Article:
• TRENDING
    Is Kindness Always Possible ?
  • TRENDING
    The Science Behind Why Love Is A Powerful Drug
  • TRENDING
    Kindness Breeds More Kindness, Study Shows
  • TRENDING
    Altruism versus Selfishness During Disasters
  • TRENDING
    National Random Acts of Kindness Day - February 17
  • TRENDING
    Care and compassion for immigrant children
  • TRENDING
    The Secret to Happiness Is Helping Others

25 Ways to Be Good for Someone Else

By Lori Deschene

“Don’t wait for people to be friendly. Show them how.” ~Unknown

When I was a teenager, right around the time I knew everything, my mother used to tell me I only remembered the bad things.

When I told stories about my family, they didn’t revolve around family beach trips, barbecues, and vacations; they focused on painful memories and all the ways I felt my mother had “ruined my life.”

 

The same applied to friends and milestones in my life. I chronically remembered and rehashed the worst experiences.

In fact, straight through college I followed up every introductory handshake with a dramatic retelling of my life story, focusing on a laundry list of grievances about people who had done me wrong.

It was as if I was competing for most royally screwed over in life, like there was some kind of prize for being the most tragic and victimized. (Full disclosure: I hoped that prize was compassion and unconditional love. It was more like discomfort and avoidance).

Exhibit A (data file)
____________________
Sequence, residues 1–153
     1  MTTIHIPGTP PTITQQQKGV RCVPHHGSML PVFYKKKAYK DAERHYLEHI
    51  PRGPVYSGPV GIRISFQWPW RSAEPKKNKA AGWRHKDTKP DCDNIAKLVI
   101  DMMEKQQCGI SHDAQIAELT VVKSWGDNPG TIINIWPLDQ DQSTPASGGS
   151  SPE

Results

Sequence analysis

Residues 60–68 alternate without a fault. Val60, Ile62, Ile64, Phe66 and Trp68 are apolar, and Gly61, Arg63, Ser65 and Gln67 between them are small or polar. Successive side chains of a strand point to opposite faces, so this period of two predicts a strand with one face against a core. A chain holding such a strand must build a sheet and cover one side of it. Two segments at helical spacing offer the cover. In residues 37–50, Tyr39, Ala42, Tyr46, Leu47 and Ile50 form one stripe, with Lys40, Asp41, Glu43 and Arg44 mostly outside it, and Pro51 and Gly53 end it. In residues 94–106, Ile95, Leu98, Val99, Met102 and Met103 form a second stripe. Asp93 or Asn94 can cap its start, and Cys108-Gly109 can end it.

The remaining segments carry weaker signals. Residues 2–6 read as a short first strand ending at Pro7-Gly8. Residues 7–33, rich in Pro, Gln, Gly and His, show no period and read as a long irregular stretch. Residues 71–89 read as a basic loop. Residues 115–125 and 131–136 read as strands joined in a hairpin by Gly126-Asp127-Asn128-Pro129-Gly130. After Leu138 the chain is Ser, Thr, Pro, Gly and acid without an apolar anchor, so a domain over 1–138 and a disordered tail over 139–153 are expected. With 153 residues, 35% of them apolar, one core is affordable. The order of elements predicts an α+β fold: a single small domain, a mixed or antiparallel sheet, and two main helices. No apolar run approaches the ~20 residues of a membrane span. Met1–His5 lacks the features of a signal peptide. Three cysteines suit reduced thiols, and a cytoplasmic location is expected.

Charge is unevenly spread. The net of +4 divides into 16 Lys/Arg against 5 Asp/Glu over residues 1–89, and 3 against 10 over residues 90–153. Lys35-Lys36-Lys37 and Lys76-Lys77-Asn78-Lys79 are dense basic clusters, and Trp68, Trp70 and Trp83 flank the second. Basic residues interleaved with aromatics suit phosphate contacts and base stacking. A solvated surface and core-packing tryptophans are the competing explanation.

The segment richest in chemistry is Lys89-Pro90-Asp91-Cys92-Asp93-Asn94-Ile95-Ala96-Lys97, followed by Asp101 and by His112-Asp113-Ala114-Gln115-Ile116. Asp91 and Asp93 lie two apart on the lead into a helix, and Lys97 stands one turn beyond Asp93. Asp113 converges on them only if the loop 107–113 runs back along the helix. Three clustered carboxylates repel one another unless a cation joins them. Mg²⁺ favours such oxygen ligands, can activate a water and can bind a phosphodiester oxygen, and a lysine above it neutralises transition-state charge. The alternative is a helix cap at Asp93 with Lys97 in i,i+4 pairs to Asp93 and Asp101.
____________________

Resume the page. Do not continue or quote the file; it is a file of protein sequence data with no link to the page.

Not everyone is as negative or needy as woe-is-me-younger Lori was, but I’ve noticed that many of us have something in common with my misguided past self: We focus on how we’ve been hurt far more than how we’ve been helped.

Psychologists suggest that to some degree we complain because we’re looking to connect with people who can relate to the universal struggles we all face (though in some cases, complaining is a constructive way to find solutions to problems as opposed to a chronic need to vent negativity). I think there’s more to it, though.

When we complain about everything that’s gone wrong or everyone who has done us wrong, we’re drowning in our self-involvement.

It’s an epidemic in an individualistic culture where self-reliance, autonomy, and the pursuit of personal gain can leave us feeling isolated and pressured to succeed. This may not be true for everyone, but I know when I get caught up complaining, nine out of ten times what I need to do is stop obsessing about the circumstances of my life.

It’s taken me a long time, but I’ve learned we don’t need to live life in a constant state of reaction to things that seem difficult or unfair. We don’t have to be the victims of bad coming at us. Our lives don’t have to be the sum of our problems—not if we take responsibility for putting good into the world.

That starts by fostering a greater appreciation for our interdependence. We are not alone. The world is not against us, and we don’t have to be against each other. We don’t have to let our fears, insecurities, and wants boil over inside us until we’re all a bunch of incompatible toxic chemicals waiting to explode the second we collide. Read More


WHAT’S HOT


SUGGESTED FOR YOU